Collective Killings in Rural China during the Cultural Revolution
The violence of Mao's China is well known, but its extreme form is not. In 1967 and 1968, during the Cultural Revolution, collective killings were widespread in rural China in the form of public execution. Victims included women, children, and the elderly. This book is the first to systematically document and analyze these atrocities, drawing data from local archives, government documents, and interviews with survivors in two southern provinces. This book extracts from the Chinese case lessons that challenge the prevailing models of genocide and mass killings and contributes to the historiography of the Cultural Revolution, in which scholarship has mainly focused on events in urban areas.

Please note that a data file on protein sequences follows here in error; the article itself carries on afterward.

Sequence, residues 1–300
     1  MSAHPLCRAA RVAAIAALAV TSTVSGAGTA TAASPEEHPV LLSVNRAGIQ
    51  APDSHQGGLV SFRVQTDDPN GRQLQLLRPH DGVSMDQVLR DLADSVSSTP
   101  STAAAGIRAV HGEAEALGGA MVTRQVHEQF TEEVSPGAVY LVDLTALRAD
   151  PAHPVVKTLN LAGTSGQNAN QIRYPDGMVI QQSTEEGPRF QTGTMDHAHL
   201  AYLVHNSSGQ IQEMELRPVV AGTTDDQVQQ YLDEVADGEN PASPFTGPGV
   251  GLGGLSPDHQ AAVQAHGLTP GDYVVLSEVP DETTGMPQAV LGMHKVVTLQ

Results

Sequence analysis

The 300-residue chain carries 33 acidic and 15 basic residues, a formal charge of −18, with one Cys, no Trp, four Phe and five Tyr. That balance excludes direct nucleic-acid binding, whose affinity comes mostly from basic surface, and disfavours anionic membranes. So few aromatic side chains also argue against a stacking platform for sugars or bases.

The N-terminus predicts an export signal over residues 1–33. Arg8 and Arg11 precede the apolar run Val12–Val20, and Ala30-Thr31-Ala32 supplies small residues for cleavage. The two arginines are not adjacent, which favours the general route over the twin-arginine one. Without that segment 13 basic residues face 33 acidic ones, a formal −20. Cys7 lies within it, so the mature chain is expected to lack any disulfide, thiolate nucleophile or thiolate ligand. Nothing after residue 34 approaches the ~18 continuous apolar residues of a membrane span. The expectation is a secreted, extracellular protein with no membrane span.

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ACPPA armed battles Beijing bureaucratic cadres Cangwu Cangwu County Cangwu xianzhi Chapter China Chinese clan class enemies class struggle collective action collective killings communist conﬂict counter-revolutionary countryside County Gazetteer county’s Cultural Revolution Daoxian deﬁned deﬁnition documents Doug McAdam eliminationist killing ethnic ﬁrst ﬁve Four Types Four-Type genocide Guangdong and Guangxi Guangdong Province Guangxi and Guangdong Guangxi Province Guangxi renmin chubanshe Guangzhou Hakka Hubei Ibid killers Land Reform landlords and rich leaders lineage Mao’s China mass campaigns mass factions mass killings mass organizations mobilization movement Nanning number of deaths Ofﬁce ofﬁcials Party Center People’s percent perpetrators population Quanzhou County Rectiﬁcation Red Guard reported revolutionary committee rich peasants rural signiﬁcant social speciﬁc state-policy model targets tion township University Press urban victims village violence Walder wen’ge Wuhua xian xianzhi bianzuan weiyuanhui Xingning Xingning County Yang Su Zhang Cheng Zhang Ning Zhao Zheng Zhongguo